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It’s All New for Todd Veney

Just days after the 2016 season started at the NHRA Winternationals in February, veteran Top Alcohol Funny Car driver Todd Veney shocked the alcohol racing world when he announced via his Facebook page that he would not be returning to drive Jay Blake’s Permatex/Follow A Dream Camaro. Instead, the second-generation driver accepted an offer to become a pit producer for the new NHRA on FOX broadcast team. Veney always dreamed of being the driver of a top-notch alcohol Funny Car, but the offer to be a part of the historic new television package was too tempting.

todd-veney-web-2Drag racing is all Veney has ever known, and that’s exactly why he was hired as a pit producer despite having zero experience working in television. His father is the legendary Ken Veney, who was the seventh-winningest driver in NHRA history when he retired from driving alcohol cars in 1985. Todd began campaigning his own IHRA Top Alcohol Funny Car in 1995 before switching to NHRA competition in 2000. He drove for Jeff McGaffic from 2000 until 2002 and Blake in 2003, then went back to fielding his own car with Ken serving as the crew chief. The father-son team won the younger Veney’s first NHRA divisional event in 2006, but Todd is perhaps best known as the driver of Jay Blake’s familiar orange-and-blue Permatex machine since 2010. Driving for Blake, the only blind crew chief in motorsports, Veney won several NHRA divisional and regional events, as well as his first national event last year. He also earned the NHRA East Region championship in 2012.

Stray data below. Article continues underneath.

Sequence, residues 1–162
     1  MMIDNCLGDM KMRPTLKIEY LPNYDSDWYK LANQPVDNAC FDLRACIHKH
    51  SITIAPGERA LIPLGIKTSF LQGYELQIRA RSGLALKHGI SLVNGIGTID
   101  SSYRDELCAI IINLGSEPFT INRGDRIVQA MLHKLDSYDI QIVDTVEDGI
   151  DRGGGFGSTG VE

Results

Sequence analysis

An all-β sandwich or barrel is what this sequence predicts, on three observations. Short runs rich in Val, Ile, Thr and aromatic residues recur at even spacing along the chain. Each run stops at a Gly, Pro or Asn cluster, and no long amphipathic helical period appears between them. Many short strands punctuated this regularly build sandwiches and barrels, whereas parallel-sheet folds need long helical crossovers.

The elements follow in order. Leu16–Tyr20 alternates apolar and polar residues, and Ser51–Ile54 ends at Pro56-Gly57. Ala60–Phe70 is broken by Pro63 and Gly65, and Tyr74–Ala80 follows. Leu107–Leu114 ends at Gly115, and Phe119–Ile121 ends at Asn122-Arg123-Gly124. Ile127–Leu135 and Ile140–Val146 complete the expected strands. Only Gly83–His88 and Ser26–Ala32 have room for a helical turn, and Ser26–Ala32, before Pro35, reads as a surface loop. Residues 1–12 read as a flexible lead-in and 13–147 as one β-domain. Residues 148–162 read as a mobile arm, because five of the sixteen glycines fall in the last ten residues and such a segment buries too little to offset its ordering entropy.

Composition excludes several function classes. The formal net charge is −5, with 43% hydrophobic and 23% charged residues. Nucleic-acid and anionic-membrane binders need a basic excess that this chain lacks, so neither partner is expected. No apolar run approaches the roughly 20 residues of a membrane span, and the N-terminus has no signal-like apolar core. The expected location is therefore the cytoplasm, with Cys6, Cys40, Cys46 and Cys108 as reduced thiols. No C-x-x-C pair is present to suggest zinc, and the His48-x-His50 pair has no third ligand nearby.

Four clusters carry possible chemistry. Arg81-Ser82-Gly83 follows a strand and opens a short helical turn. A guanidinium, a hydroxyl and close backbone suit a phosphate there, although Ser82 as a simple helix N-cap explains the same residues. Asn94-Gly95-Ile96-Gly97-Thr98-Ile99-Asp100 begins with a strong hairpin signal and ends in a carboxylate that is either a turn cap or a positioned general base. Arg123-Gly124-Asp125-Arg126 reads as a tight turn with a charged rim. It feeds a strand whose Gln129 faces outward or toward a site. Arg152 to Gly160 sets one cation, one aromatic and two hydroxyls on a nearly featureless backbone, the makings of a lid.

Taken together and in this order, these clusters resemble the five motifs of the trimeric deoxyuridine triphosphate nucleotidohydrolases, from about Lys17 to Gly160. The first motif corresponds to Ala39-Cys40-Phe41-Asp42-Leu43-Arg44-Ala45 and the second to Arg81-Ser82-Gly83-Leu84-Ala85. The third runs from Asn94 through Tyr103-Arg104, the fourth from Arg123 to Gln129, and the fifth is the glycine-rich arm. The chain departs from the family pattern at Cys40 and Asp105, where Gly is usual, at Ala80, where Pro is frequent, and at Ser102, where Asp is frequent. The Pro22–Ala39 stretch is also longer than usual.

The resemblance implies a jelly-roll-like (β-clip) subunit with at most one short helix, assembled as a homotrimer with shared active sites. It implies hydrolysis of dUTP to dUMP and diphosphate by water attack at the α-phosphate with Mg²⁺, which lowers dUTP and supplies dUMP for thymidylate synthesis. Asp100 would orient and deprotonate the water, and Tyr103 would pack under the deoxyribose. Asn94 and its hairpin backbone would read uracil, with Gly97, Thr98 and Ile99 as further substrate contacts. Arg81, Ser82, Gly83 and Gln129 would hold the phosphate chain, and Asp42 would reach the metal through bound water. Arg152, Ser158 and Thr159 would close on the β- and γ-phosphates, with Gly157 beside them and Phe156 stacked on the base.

Outside of the driver’s seat, Veney first worked as a writer and statistician for NHRA’s in-house magazine National Dragster when he was fresh out of college. It was a job that Veney enjoyed having, and a job that enjoyed having Veney just as much, as evidenced by the crowd of National Dragster staffers and media members who flocked to congratulate their former colleague when he won the NHRA Summit Racing Equipment Nationals in Norwalk last year. Veney has also written on a freelance basis for dozens of publications, companies and fellow racers over the years. He actually already had a full-time job as a technical writer from his home base in Indianapolis when he was offered the FOX gig. At 50-years-old, Veney maintains both positions, traveling to all 24 NHRA Mello Yello Series events and completing his other work when the “LIVE” light goes out. It’s an incredibly demanding schedule, and driving one of the best alcohol floppers in the country just didn’t fit in.